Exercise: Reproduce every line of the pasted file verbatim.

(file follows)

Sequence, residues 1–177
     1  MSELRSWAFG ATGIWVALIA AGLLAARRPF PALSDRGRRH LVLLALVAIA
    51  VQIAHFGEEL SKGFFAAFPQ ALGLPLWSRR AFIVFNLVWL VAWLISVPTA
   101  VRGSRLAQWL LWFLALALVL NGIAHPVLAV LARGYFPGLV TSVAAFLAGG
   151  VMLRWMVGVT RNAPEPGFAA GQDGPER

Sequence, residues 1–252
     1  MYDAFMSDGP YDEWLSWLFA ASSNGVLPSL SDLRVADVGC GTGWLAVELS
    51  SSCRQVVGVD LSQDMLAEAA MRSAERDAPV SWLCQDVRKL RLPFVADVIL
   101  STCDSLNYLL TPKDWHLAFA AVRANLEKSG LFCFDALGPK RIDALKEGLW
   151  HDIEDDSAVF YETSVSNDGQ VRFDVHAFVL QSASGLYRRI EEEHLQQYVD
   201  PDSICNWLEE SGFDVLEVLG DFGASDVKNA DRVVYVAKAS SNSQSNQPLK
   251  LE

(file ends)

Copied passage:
Sequence, residues 1–177
     1  MSELRSWAFG ATGIWVALIA AGLLAARRPF PALSDRGRRH LVLLALVAIA
    51  VQIAHFGEEL SKGFFAAFPQ ALGLPLWSRR AFIVFNLVWL VAWLISVPTA
   101  VRGSRLAQWL LWFLALALVL NGIAHPVLAV LARGYFPGLV TSVAAFLAGG
   151  VMLRWMVGVT RNAPEPGFAA GQDGPER

Sequence, residues 1–252
     1  MYDAFMSDGP YDEWLSWLFA ASSNGVLPSL SDLRVADVGC GTGWLAVELS
    51  SSCRQVVGVD LSQDMLAEAA MRSAERDAPV SWLCQDVRKL RLPFVADVIL
   101  STCDSLNYLL TPKDWHLAFA AVRANLEKSG LFCFDALGPK RIDALKEGLW
   151  HDIEDDSAVF YETSVSNDGQ VRFDVHAFVL QSASGLYRRI EEEHLQQYVD
   201  PDSICNWLEE SGFDVLEVLG DFGASDVKNA DRVVYVAKAS SNSQSNQPLK
   251  LE